It is not known if the escape hatch was workable from the inside; opinions differ about how badly it was damaged. The men would likely have rejected risking the escape hatch even if it were operable, and may have preferred instead to take their chances waiting for a submarine rescue ship to clamp itself onto the hatch. As the nuclear reactors had automatically shut down, emergency power would soon have run out, plunging the crew into complete darkness and falling temperatures. Kolesnikov wrote two further messages, much less tidily.
There has been much debate over how long the sailors survived. Russian sources say that they would have died very quickly. The Dutch recovery team report a widely believed two- to three-hour survival time in the least affected sternmost compartment. In normal operation, water leaks into a stationary Oscar-II craft around the propeller shafts, and at 100 metres (330 ft) depth it would have been impossible to prevent. Others point out that many superoxide chemical cartridges, used to absorb carbon dioxide and provide oxygen in an emergency, were found to have been used when the craft was recovered, suggesting survival for several days. The cartridges seem to have been the final cause of death: a cartridge appears to have come in contact with oily sea water, causing a chemical reaction and flash fire. The official investigation into the disaster showed that some men survived this fire by plunging under water (fire marks on bulkheads indicate the water was at waist level at the time) but the fire would have used up any remaining oxygen in the air, causing death by asphyxiation.
Rescue attempts 
Initially the other ships in the exercise, all of which had detected an explosion, did not report it. Each only knew about its own part in the exercise, and assumed that the explosion was that of a depth charge, and part of the exercise. It was not until the evening that commanders stated that they became concerned that they had heard nothing from Kursk. Later in the evening, and after repeated attempts to contact Kursk had failed, a search and rescue operation was launched. The rescue ship Rudnitsky carrying two submersible rescue vessels, AS-32 and the Priz (AS-34) reached the disaster area at around 8:40 AM the following morning.
The submarine was found in an upright position, with its nose plowed about 2 meters deep into the clay seabed, at a depth of 108 meters. The periscope was raised, indicating that the accident occurred at a low depth. The bow and the sailbridge showed signs of damage, the conning tower windows were smashed and two missile tube lids were torn off. Fragments of both the outer and inner hulls were found nearby, including a fragment of Kursk's nose weighing 5 metric tons, indicating a large explosion in the forward torpedo room.
Priz reached Kursk's ninth compartment the day after the accident, but failed to dock with it. Bad weather prevented further attempts on Tuesday and Wednesday. A further attempt on Thursday again made contact but failed to create a vacuum seal required to dock.
The United States offered the use of one of its two Deep Submergence Rescue Vehicles, as did the British government, but all offers were refused by the Russian government. Four days after the accident on 16 August 2000, the Russian government accepted the British and Norwegian governments' assistance and a rescue ship was dispatched from Norway on 17 August and reached the site on 19 August. British and Norwegian deep-sea divers reached the ninth compartment escape hatch on 20 August. They were able to determine that the compartment was flooded, and all hope of finding survivors was lost.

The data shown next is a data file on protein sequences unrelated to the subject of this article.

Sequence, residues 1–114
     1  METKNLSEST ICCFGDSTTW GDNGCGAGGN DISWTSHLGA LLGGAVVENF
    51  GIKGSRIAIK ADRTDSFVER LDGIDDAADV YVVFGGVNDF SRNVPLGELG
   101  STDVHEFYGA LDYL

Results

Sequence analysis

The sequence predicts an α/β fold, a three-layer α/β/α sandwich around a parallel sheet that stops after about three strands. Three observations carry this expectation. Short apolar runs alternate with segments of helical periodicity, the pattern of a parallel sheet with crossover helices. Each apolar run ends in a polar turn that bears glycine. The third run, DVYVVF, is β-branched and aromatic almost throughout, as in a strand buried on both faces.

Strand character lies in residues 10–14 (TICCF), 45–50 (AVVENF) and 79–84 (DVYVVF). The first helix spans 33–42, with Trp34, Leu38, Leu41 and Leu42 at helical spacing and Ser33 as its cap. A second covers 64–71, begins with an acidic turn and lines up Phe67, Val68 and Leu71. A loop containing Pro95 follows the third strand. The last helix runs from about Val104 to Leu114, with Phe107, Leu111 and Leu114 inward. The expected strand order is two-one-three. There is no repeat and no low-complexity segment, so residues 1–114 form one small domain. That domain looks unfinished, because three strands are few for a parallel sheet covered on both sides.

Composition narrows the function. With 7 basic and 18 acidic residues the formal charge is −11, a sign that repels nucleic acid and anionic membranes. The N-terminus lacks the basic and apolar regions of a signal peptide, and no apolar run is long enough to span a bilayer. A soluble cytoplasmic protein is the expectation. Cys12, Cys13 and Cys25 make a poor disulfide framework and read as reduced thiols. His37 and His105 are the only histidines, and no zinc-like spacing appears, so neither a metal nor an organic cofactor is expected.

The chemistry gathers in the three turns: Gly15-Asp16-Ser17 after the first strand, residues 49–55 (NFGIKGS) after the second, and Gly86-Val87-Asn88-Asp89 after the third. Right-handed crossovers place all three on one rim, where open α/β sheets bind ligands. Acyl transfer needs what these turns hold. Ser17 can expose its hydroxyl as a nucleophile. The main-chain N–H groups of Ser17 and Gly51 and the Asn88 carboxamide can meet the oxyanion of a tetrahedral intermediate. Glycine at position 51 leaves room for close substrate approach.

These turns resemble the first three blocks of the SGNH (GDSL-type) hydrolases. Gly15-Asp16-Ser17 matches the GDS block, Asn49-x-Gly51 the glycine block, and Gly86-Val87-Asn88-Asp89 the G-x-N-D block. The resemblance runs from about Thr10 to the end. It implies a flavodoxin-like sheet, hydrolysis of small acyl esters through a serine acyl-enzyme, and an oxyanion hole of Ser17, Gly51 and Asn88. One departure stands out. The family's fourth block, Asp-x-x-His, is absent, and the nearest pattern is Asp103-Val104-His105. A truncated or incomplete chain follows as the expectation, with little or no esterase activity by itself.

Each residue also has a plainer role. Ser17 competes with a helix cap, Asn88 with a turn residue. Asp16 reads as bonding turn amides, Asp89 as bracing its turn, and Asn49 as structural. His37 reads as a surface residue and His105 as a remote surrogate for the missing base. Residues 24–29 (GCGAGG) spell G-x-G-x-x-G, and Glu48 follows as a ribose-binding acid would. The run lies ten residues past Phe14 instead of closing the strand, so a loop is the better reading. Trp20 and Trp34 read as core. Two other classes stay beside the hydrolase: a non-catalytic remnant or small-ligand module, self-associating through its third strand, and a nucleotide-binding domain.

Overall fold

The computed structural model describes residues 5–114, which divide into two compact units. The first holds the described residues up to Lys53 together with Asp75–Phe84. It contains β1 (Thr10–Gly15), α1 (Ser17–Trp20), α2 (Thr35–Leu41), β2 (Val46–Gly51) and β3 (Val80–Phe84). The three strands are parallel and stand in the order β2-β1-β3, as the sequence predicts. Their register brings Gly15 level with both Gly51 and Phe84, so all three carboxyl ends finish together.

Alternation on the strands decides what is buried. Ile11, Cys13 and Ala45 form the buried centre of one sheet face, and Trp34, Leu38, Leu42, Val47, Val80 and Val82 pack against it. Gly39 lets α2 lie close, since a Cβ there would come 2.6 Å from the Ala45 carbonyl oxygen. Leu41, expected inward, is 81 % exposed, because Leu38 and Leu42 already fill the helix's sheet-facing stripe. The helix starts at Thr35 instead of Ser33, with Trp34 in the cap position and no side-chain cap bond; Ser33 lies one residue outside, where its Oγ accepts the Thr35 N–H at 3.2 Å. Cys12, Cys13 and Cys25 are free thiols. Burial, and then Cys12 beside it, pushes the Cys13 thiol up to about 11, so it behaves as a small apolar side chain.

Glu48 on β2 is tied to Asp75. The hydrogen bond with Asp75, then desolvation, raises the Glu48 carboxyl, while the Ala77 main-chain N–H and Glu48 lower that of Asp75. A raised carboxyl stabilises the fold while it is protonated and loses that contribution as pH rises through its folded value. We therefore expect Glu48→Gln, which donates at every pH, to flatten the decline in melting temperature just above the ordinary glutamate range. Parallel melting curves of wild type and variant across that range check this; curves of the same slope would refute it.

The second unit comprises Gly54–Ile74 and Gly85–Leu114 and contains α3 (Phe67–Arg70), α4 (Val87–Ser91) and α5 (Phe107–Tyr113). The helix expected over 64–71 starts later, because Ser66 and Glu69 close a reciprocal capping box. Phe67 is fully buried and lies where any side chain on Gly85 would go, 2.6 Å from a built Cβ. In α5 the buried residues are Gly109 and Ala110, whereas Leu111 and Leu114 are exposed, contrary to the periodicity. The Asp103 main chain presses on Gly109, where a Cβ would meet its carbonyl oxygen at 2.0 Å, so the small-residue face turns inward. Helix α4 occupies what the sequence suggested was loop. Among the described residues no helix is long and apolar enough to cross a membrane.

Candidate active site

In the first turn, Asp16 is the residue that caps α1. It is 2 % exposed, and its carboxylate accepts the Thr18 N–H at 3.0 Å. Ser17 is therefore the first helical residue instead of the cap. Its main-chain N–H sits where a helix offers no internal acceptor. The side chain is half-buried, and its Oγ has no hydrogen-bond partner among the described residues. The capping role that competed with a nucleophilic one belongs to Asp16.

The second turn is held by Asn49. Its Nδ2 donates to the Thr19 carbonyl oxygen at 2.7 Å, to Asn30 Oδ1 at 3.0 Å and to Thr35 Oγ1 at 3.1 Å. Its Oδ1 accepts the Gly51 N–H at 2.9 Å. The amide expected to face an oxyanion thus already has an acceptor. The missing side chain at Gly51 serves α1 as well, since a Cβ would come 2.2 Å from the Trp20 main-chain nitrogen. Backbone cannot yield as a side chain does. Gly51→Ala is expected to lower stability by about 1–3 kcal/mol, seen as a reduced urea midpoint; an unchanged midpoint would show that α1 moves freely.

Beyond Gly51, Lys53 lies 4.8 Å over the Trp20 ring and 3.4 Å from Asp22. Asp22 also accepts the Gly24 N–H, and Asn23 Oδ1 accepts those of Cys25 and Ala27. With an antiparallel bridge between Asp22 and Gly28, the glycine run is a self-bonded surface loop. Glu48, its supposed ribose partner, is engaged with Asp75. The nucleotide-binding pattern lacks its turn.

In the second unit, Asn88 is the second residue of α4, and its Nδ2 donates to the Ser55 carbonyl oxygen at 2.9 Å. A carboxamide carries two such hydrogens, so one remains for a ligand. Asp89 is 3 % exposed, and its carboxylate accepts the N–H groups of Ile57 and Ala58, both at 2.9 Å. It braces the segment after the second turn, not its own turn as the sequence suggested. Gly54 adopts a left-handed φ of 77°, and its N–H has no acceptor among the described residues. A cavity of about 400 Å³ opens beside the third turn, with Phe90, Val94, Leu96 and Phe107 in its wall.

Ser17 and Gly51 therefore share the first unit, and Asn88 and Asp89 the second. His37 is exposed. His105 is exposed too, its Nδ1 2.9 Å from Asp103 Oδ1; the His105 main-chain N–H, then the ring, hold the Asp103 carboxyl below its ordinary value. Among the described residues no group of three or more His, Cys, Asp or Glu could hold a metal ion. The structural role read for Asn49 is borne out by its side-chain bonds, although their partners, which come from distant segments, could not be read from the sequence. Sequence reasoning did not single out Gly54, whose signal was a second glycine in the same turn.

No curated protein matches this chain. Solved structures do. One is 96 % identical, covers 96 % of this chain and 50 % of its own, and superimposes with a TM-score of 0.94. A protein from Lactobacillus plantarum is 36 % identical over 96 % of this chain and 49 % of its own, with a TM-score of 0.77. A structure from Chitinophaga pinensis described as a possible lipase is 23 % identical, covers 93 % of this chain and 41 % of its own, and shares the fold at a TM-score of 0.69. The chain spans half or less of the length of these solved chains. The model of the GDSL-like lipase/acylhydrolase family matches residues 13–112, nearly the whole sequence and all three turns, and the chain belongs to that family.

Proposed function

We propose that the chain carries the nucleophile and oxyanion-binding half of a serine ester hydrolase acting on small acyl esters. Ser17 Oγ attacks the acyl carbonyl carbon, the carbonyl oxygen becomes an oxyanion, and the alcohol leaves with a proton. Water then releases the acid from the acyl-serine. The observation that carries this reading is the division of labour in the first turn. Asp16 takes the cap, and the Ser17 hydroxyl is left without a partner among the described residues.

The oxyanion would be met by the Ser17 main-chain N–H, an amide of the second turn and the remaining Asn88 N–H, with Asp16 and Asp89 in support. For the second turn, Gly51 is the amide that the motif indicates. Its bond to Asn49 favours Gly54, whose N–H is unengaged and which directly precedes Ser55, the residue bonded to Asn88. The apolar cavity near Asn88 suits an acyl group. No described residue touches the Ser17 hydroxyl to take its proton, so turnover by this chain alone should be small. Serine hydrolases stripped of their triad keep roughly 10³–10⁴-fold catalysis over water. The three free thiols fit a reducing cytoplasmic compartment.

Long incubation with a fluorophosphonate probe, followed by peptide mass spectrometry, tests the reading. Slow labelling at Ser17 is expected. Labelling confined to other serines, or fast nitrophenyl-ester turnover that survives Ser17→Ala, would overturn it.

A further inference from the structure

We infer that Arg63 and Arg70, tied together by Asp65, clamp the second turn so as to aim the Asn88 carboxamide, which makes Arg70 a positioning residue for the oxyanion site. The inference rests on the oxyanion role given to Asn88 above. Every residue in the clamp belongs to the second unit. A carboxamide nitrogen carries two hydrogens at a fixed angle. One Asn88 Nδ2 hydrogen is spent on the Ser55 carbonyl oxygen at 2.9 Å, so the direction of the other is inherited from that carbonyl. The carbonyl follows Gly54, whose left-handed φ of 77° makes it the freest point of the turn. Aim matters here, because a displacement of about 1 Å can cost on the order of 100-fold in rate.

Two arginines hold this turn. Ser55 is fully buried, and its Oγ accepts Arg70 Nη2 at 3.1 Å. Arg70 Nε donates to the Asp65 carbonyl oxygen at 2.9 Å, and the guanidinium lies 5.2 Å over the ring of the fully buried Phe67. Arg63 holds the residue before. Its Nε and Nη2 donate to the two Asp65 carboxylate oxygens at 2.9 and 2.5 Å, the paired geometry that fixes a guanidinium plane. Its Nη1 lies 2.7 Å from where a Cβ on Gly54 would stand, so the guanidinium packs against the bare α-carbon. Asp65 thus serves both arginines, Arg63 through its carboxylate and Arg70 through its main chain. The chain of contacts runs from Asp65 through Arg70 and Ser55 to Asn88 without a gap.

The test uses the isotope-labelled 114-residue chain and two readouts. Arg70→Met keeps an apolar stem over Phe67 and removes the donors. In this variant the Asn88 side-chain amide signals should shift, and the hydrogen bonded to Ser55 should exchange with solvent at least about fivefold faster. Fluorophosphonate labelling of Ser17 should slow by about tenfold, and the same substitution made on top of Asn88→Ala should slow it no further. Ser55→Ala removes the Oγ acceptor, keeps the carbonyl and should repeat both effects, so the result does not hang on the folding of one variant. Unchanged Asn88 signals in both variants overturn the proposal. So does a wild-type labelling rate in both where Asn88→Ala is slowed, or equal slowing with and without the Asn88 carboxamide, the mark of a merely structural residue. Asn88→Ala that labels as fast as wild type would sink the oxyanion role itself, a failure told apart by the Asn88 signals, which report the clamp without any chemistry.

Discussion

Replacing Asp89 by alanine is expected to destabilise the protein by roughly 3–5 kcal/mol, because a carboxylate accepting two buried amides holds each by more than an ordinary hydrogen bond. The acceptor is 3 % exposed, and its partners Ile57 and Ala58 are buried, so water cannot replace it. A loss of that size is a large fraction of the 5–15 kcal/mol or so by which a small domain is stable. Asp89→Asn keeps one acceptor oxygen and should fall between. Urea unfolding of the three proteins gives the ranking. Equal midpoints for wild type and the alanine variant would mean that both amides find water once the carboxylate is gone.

Russian government response 
The first fax sent from the Russian Navy to the various Press offices said the submarine had "minor technical difficulties". The government downplayed the incident and then claimed bad weather was making it impossible to rescue the people on board.
On 18 August 2000 Nadezhda Tylik, mother of Kursk submariner Lt. Sergei Tylik, produced an intense emotional outburst in the middle of an in-progress news briefing about Kursk's fate. After attempts to quiet her failed, a nurse injected her with a sedative by force from the back, and she was removed from the room, incapacitated. The event, caught on film, caused further criticism of the government's response to both the disaster, and how the government handled public criticism of said response.
According to Raising Kursk broadcast by the Science Channel:
In June of 2002... the Russian government investigation into the accident officially concluded that a faulty torpedo sank Kursk in the Summer of 2000.
Collision theory 
At first, Russian naval sources expressed suspicion that Kursk collided with an American submarine. As is common, the exercise was monitored by two American Los Angeles-class submarines– USS Memphis (SSN-691) and USS Toledo (SSN-769)–and the Royal Navy Swiftsure class submarine HMS Splendid; after the disaster the exercise was cancelled and they put in at European ports.
The hopelessly flawed rescue attempt, hampered by badly designed and decrepit equipment, illustrated the fatal decline of Russia's military power. The navy's callous approach to the families of the missing men was reminiscent of an earlier Soviet insensitivity to individual misery. The lies and incompetent cover-up attempts launched by both the navy and the government were resurrected from a pre-Glasnost era. The wildly contradictory conspiracy theories about what caused the catastrophe said more about a naval high command in turmoil, fumbling for a scapegoat, than about the accident itself.
French filmmaker Jean-Michel Carré, in Kursk: a Submarine in Troubled Waters, which aired on 7 January 2005 on French TV channel France 2, alleged that Kursk sank because of a sequence of events that were triggered by a collision with a US submarine.